TEA prioritizes the severity of reported allegations based on the nature of the reports. Highest priority is given to allegations that present a risk to the health, safety or welfare of a student or minor, the parent of a student, or a professional colleague.

Upon receipt of an allegation of this type, investigative staff will “flag” the educator’s virtual certificate with a warning that an investigation is pending. Investigative warnings, like the certification itself, are viewable by the public, including potential employers, and normally remain on the educator’s certificate until the matter is concluded.

When the investigative staff intends to “flag” an educator’s virtual certificate, the investigator will notify the educator, so the educator has an opportunity to establish that no investigation is needed and that the warning should not be placed. This is not an opportunity to dispute the merits of the allegations—that comes later—but rather an opportunity to notify the investigative staff that a basic mistake has been made, such as mistaken identity.

The investigation

Once a report of alleged misconduct is received, a TEA investigator is assigned to the case. The investigator will mail notice to the educator and will typically begin requesting information from the educator’s district and all past districts where the educator has been employed. The investigator may also contact potential witnesses.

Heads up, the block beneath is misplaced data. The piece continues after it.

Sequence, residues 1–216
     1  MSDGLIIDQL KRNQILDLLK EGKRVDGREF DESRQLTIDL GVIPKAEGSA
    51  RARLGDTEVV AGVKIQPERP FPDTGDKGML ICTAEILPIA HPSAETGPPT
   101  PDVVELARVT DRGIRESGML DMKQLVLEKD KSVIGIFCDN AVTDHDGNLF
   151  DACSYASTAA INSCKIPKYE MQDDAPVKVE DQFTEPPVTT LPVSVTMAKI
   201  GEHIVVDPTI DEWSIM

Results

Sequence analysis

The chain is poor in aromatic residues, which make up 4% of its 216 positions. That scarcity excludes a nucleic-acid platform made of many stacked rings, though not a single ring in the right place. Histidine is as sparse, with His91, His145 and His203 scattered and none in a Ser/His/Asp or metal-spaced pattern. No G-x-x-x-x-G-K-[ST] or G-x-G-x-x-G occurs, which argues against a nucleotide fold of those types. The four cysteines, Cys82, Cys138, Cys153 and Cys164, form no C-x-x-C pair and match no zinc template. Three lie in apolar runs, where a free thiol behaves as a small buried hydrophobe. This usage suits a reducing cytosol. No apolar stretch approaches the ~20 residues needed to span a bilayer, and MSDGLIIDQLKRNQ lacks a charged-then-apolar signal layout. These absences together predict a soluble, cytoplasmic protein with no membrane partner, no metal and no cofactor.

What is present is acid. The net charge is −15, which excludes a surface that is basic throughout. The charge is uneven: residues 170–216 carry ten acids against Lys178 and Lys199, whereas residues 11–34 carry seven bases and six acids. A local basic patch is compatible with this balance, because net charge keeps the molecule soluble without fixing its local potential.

The investigation is not limited to the initial report. Sometimes an educator is cleared on the initial matter but sanctioned for unrelated actions uncovered during the investigation.

The rules require the investigator to provide an educator with an opportunity to “show compliance” with the rules and expectations—in other words, to informally tell his side of the story. This can either be done through an informal in-person conference or a written statement.

Prehearing settlement  

Once the investigator is satisfied that she has all the information she needs, she will either notify the educator that the investigation will be closed without pursuing any sanction, or she will offer the educator a settlement that includes some type of sanction that might be agreeable to the educator in order to avoid having an administrative hearing.

If SBEC and the educator cannot reach an agreement through informal conference, the matter will be turned over to a TEA attorney, who may file a formal complaint against the educator.